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RyanAir Drops Afrikaans Test After Intense Backlash From South Africans

After earlier making it a requirement, RyanAir has finally dropped its insistence on an Afrikaans test for South African passengers.

The test was earlier made compulsory for South African passengers, who were required to prove their nationality before traveling. Passengers had to do this by completing a test written and answered in Afrikaans. However, after backlash from multiple South Africans, the airline has decided to drop the test.

Last week, the South African government expressed surprise at the low-cost carrier’s plan to require UK-bound passengers with the country’s passport to complete the test, describing the move as a “backward profiling system.”

Complaints continued to rise as the test was announced, especially since Afrikaans is spoken by only 12% of the country’s 58 million people.

South Africans also found the insistence quite disrespectful toward them due to the connections between the Afrikaans language and the country’s former white-led apartheid administration.

Among the most common and widely spoken South African languages are the likes of Zulu, isiXhosa, Afrikaans, Sepedi, Setswana, English, Sesotho, Siswati, and Ndebele. With a list, this long and diverse, South Africans wondered why one language was chosen as a sta darf for 58 million people.

Needless to point out that the airline does not fly to or from South Africa, but transports more passengers around Europe than any other airline that operates in a similar capacity.

Ryanair

Despite this, it referred to the South African government’s accusation of profiling as “rubbish,” but further stated the test had been scrapped.

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According to the Chief Executive officer of the airline, Michael O’Leary, “The South African government has acknowledged that there’s a problem with the vast number of false or fake South African passports.”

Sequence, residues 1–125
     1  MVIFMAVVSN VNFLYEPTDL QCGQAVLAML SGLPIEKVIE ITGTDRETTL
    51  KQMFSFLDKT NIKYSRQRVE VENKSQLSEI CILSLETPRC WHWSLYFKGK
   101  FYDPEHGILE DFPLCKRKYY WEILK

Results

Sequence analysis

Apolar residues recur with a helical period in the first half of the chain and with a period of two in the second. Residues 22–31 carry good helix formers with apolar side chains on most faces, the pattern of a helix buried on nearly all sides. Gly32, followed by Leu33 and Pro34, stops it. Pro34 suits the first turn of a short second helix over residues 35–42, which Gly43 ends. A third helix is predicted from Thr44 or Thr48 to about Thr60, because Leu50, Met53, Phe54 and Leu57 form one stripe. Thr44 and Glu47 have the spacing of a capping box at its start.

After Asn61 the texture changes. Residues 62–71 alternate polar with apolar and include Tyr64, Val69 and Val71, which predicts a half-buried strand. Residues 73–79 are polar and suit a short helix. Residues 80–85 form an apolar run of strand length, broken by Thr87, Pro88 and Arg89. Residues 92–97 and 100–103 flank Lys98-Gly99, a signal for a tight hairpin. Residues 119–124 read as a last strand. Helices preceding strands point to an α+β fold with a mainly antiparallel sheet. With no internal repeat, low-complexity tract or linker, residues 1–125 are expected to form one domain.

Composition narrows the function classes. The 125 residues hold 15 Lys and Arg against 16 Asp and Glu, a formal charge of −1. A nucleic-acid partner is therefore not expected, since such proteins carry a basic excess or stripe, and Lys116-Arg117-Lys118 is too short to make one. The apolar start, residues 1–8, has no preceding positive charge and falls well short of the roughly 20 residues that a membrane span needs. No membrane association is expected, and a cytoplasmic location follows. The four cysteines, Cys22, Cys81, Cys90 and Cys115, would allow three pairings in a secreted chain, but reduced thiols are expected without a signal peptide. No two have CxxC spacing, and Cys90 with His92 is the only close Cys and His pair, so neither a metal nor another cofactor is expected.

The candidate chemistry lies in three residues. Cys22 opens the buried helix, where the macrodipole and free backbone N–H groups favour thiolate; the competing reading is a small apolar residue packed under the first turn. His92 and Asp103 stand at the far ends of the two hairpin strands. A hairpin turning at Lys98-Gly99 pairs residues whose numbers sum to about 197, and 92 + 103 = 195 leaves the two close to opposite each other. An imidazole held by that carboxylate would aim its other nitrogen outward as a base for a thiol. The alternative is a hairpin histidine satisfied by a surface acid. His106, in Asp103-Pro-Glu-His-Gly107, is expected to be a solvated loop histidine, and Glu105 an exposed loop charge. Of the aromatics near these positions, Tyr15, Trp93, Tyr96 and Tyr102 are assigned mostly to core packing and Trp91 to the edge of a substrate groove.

While speaking at a news conference in Brussels on Tuesday, O’Leary explained that the test was necessitated by the growing number of false South African passports on a route between Turkey and Ireland.

“Our team issued a test in Afrikaans of 12 simple questions like what’s the name of the mountain outside Pretoria? They have no difficulty completing that, but we didn’t think it was appropriate either. So, we have ended the Afrikaans test because [it] doesn’t make any sense,” O’Leary said.

Recall the testimony of Zinhle Novazi, who revealed his disgust at the RyainAir Afrikaans test last month. According to sources, when traveling by Ryanair from Ibiza, Spain, to London on May 29, South African lawyer Zinhle Novazi was put to the test, which included naming the country’s highest mountain, the largest city, and one major holiday.

The lawyer recalled the 1976 Soweto revolt against South Africa’s apartheid administration, which was caused by the adoption of Afrikaans in schools. At least 170 people were killed as a result of police brutality during the protests.

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